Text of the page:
Performance Improvement 2006. Report on Baseline Findings from the National Survey of Child and Adolescent Well-Being: CPS Sample Component


The National Survey on Child and Adolescent Well-Being is a nationally representative, prospective longitudinal survey that examines the functioning and well-being of children and families who come into contact with the child welfare system. For the Child Protective Services (CPS) component, CPS selected 5501 children, ages 0-14, from among those who were the subjects of investigation for child maltreatment during the sampling period, which began in December 1999 and continued through early 2001. Direct assessments and interviews with the children themselves, their caregivers, their caseworkers, and their teachers were used to gather information about the children’s functioning across multiple domains, their family environments, their service needs, and service utilization. Baseline findings suggest that children who encounter CPS, regardless of whether the reports of maltreatment are substantiated, have high rates of developmental risks across cognitive, social, emotional, and behavioral domains. High rates of risk are found across age groups, and are present for children who remain at home with their families of origin as well as for children who are placed in foster or kinship care. The survey finds that many of the assessed needs of the children and families who encounter child welfare services remain unaddressed. More systematic assessment of the needs of this group of children and families by child welfare personnel, and coordination across child service systems, is recommended.  eport_revised_090105.pdf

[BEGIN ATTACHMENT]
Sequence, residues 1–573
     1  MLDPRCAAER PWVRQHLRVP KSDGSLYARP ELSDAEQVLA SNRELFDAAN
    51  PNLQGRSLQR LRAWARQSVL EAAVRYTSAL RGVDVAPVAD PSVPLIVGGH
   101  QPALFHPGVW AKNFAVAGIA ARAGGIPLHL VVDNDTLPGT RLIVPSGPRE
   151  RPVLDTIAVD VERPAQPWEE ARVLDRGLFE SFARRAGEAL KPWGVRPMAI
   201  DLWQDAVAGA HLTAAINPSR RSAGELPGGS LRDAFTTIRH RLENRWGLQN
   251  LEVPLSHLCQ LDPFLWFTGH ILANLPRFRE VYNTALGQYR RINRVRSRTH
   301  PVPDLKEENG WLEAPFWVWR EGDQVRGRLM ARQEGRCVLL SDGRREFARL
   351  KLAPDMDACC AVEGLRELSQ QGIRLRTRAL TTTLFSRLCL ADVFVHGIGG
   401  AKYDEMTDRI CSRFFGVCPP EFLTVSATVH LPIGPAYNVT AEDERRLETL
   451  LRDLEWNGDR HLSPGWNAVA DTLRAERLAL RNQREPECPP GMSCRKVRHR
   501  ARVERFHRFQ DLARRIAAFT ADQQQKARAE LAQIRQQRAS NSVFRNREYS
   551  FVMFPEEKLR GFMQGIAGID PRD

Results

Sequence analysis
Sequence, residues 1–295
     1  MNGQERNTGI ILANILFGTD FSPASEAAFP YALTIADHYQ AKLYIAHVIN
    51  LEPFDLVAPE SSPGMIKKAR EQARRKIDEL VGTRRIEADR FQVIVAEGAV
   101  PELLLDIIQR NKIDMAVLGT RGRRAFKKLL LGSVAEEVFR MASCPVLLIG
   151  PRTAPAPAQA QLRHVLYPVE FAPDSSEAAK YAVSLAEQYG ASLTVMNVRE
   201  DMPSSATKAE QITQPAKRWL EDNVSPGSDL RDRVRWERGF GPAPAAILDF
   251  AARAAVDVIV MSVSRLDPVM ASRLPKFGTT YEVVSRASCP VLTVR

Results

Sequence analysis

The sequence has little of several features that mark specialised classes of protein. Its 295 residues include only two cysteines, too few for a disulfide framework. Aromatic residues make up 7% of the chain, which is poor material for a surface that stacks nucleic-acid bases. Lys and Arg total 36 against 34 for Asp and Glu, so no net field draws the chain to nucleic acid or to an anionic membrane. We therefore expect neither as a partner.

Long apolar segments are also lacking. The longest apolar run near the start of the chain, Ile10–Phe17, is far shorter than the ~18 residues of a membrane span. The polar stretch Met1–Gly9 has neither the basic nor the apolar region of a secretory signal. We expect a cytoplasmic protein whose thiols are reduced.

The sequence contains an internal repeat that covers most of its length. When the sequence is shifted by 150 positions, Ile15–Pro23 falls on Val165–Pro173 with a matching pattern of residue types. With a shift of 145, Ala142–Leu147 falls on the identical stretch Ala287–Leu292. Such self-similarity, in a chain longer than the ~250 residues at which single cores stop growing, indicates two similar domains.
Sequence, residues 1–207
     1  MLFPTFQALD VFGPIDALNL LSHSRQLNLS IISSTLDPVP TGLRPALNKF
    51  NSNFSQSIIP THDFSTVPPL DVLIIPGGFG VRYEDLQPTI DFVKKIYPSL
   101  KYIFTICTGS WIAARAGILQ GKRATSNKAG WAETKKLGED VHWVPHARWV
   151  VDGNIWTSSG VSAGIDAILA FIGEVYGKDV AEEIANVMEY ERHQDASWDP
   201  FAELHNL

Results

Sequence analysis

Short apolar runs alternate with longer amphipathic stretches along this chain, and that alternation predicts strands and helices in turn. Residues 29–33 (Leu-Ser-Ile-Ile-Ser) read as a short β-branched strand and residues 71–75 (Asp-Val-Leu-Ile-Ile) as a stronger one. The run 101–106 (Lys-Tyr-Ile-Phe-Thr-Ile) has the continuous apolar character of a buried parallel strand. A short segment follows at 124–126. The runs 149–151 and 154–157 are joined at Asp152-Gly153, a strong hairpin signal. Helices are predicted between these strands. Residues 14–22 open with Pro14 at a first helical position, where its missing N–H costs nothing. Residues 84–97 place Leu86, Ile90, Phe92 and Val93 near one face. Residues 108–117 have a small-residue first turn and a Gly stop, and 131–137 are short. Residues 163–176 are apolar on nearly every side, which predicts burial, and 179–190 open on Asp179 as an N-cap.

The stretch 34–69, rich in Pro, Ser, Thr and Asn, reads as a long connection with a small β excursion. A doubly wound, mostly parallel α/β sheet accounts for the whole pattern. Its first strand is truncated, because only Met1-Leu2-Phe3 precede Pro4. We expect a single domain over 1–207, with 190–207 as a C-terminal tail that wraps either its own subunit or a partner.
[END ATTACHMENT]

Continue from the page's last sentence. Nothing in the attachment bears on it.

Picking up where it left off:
PIC ID: 8227; Agency Sponsor: ACF-OPRE, Office of Planning, Research and Evaluation; Federal Contact: Webb, Mary Bruce, 202-205-8628; Performer: RTI, International, Research Triangle Park, NC

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